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Energy Policies of IEA Countries Australia 2005 Review [electronic resource]

IEA Staff
Format
EBook; Book; Online
Published
Washington : Organization for Economic Cooperation & Development Aug. 2005
Language
English
Series
Energy Policies of IEA Countries Ser
ISBN
9789264109339, 9264109331 (Trade Paper)
Target Audience
Scholarly & Professional
Summary
Annotation
Description
Mode of access: World wide Web.
Copyright Not EvaluatedCopyright Not Evaluated
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    a| 9264109331 (Trade Paper) c| USD 98.00 Retail Price (Publisher) 9| Active Record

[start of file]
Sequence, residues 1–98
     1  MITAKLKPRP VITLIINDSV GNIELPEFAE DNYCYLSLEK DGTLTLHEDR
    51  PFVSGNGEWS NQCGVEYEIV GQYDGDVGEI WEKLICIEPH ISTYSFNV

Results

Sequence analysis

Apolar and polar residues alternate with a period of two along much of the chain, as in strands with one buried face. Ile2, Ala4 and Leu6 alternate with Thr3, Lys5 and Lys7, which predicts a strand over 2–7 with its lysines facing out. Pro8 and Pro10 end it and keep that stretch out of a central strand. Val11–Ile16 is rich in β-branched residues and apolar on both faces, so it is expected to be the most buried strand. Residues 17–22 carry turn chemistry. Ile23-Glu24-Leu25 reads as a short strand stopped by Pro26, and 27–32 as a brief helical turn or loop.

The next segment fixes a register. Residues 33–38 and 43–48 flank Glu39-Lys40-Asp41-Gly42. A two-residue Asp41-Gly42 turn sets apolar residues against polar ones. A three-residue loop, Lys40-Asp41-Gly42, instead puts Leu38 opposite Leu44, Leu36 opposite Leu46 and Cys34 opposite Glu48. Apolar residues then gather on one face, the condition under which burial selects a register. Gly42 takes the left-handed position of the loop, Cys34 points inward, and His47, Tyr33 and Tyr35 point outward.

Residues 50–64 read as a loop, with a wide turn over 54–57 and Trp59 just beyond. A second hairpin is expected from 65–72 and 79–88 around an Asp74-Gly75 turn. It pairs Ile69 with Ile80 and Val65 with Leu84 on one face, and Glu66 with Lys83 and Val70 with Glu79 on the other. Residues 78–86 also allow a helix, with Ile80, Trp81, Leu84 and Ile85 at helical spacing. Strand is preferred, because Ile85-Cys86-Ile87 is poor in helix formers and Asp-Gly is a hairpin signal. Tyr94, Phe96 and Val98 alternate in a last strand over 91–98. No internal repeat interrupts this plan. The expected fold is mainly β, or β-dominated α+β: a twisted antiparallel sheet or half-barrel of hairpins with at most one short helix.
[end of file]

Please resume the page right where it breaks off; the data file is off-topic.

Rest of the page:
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    a| Annotation b| Energy prices in Australia are among the lowest in the IEA, due to the economic efficiency of the energy sector and the presence of abundant domestic fossil fuels. Australia was one of the pioneers for market reform and its electricity sector can be seen as a model for other countries. Ongoing reform, especially in the area of expanded transmission interconnections and the establishment of a national regulator, will improve the system further. Energy security is sound due to both domestic resources and concerted government efforts.Environmental sustainability represents Australia?s greatest energy challenge. CO2 emissions from fuel combustion per unit of GDP are 43% above the IEA average. From 1990 to 2010, the government expects energy-related emissions to grow by 43%. Without a substantial change in energy supply and/or demand behaviour, emissions are likely to continue their growth, making it difficult to participate in any global climate change mitigation programme. Australia is taking a largely technological approach to curbing climate change and recently opted not to introduce an emissions trading scheme. While technology will be essential in dealing with climate change, the government is encouraged to periodically review the costs and benefits of emissions trading in light of technological advancements and developments in international and domestic climate change frameworks.Energy efficiency offers an attractive means of curbing emissions. Australian primary energy use per unit of GDP is 35% above the IEA average. In addition to reduced emissions, greater efficiency can improve national competitiveness, enhance energy security and bring greater economic efficiency, especially in curbing peak demand.
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